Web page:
Previous updates concerning the Communications Regulator Notice of Appeal
maybe seen here and here.
UPDATE #5: 7th August 2020.
Here is the Falkland Islands TV’s report on the first hearing of the Gare v. Communications Regulator case held in the Magistrates court in Stanley, Falkland Islands.
UPDATE #4: 1st August 2020.
Yes, you read the title of this post correctly.
(Source: lifesize, video conferencing for lawyers)
Notice of Appeal update
Falkland Islands Radio Service (FIRS)introduced their 31st July 2020 Falkland News with the words.
“The hearing of Gare versus the Communications Regulator was rescheduled due to poor communications.”
I’m sure the opportunity for FIRS to create a ‘red-top’ style lead-in like this doesn’t come along often! It would make me smile if it wasn’t so concerning, however, before talking about that, let’s talk about the what’s happening regarding the Notice of Appeal hearing.
As you heard, the court case has now been scheduled for 6th and 9th November 2020. As the Senior Magistrate has been recused a London-based judge, John Hardy QC has stepped in to be the Acting Senior Magistrate (ASM), and it is he who made the comments heard above. The Communications Regulator is to be represented by the Attorney General.
From the feedback, I heard I’m pleased to say that the case is being taken very seriously and has raised several issues that are of broad public interest. The ASM has undertaken much research I’m pleased to say and states that a “complex public law issue is at stake”.
It seems that the judge’s decision with this type of civil issue is ruled by the principle Judicial Review (JR):
The Institute for Government describes a Judicial review as a kind of court case, in which someone (the “claimant”) challenges the lawfulness of a government decision. This can be the decision of a central government department, another government body such as a regulator, a local authority, or certain other bodies when they are performing a public function.
Concerning the Notice of Appeal, this means the focus of the case will be on how the decision was made and its reasonableness.
The video conferencing issue
I am really disappointed to hear about the failure of the first court video conference yesterday morning at 09:00 local time. Nobody could have failed to see the irony of the situation as this case is about a hobby rather than the broadband issues I have been writing about on OpenFalklands since early 2019.
This was further compounded as my solicitor tried to ‘communicate’ with me after the hearing to update me as to what went on. He tried to make a telephone call to my UK home, but the ‘line’ would not connect, so he then used WhatsApp call. Yes, we connected, but the 45-minute call would be rated as 0.5 out of 10 as it was continually breaking up throughout the call due to congestion on the satellite.
What was the cause of the video conference failure? Nothing new, I’m afraid.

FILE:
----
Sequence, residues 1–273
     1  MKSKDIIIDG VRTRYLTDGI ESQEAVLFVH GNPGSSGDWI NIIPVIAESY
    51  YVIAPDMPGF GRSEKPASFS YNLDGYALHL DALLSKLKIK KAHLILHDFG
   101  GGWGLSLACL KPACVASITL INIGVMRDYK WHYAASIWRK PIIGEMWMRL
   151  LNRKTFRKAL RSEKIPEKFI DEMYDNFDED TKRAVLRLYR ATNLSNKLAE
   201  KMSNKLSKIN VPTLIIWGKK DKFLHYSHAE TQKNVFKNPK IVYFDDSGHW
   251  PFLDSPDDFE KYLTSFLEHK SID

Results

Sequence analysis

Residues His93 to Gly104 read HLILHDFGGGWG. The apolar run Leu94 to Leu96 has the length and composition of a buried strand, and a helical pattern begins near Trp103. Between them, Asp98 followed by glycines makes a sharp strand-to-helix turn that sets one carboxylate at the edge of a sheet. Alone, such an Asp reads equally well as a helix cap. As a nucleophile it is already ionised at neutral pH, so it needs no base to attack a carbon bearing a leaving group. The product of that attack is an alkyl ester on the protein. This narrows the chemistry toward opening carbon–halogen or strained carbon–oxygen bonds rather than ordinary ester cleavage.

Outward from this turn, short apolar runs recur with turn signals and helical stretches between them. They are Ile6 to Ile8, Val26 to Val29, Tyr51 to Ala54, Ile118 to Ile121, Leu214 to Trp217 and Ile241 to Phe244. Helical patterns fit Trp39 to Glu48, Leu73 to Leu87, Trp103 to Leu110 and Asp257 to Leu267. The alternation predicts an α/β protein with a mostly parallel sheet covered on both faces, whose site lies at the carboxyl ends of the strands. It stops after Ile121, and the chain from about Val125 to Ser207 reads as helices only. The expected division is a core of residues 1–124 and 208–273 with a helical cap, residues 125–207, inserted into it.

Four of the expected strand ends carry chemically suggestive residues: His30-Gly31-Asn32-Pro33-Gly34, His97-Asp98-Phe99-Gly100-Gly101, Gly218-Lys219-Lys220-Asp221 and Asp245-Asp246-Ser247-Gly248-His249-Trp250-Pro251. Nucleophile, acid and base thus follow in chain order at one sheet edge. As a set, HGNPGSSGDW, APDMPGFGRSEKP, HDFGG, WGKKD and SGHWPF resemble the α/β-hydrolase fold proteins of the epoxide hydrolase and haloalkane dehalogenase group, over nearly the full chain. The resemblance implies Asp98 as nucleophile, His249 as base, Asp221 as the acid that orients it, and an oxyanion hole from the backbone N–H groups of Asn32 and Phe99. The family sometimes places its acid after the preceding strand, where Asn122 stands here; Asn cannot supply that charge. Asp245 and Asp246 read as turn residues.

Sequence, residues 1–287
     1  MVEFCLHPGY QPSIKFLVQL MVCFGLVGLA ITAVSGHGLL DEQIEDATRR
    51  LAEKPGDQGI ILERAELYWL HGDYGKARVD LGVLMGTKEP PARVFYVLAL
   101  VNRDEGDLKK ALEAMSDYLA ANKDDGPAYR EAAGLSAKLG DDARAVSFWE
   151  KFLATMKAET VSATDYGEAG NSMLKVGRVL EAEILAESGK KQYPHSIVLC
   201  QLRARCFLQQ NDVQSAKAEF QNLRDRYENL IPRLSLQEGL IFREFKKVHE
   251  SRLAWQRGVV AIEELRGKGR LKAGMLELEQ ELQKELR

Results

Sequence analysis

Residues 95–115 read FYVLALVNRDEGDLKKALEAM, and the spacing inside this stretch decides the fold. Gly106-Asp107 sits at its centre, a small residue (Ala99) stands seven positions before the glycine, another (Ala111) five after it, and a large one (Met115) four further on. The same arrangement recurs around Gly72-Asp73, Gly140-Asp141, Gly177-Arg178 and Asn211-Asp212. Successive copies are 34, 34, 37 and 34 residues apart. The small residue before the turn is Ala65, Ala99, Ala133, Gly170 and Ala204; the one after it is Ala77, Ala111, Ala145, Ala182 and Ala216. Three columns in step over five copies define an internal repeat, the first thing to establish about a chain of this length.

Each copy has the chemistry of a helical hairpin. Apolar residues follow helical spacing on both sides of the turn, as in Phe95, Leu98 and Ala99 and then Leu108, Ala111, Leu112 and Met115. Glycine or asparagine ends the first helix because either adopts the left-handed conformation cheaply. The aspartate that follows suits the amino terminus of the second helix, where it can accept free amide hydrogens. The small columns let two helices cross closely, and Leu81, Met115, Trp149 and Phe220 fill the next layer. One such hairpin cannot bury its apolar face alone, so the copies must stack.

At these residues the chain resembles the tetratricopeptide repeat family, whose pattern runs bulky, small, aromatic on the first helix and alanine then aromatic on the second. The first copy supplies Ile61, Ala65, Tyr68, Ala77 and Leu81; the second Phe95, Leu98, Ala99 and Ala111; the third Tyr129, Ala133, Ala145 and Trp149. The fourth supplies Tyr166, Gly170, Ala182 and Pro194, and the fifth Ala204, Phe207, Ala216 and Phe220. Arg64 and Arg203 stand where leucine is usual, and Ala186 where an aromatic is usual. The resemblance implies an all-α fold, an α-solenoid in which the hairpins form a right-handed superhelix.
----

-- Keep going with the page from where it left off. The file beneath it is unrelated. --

First of all, a bad day was chosen for the hearing as it was the last day of the month. This is the day when all Sure’s broadband customers glut themselves, quite rightly, on the Internet to use up the last penny of their monthly quota before they lose it. This could be avoided so easily by staggering the end of the month for their customers. This cannot be done due to “technical reasons,” i.e. the billing system not allowing it so goes the reasoning.
What I find even more disappointing is that the exceedingly poor Quality of Service (QoS) or Quality of Experience (QoE) in times of congestion such as experienced on Friday is totally predictable.
I wrote about this countless times on OpenFalklands, and it was one of the key subjects discussed in my public presentation last November in the Chamber of Commerce in Stanley. There seems to be zero interest in digging into this. Some of these posts can be seen here, here, here and here. The principle point of what I was saying was:
When the capacity of the satellite that is used for broadband was doubled back in December 2019, usage quotas were simultaneously doubled. This effectively erased the benefits of increasing satellite capacity at times of peak congestion. In fact, this probably applies at other times too as the individual profile of Internet usage probably also changed. For example customers were watching a lot more streamed services such as Netflix that are bandwidth hogs. In fact, QoS and QoE has probably deteriorated following the capacity increase. A better technical approach would have been to only increase quotas by say 70%.
I will post updates on the Notice of Appeal when I have some more news.
By the way, I often listen to Falklands Radio here in the UK as I really like the presenters’ selection of music and it reminds me of driving through Camp with the car radio blaring away!
* * *
Copyright: January 2020, OpenFalklands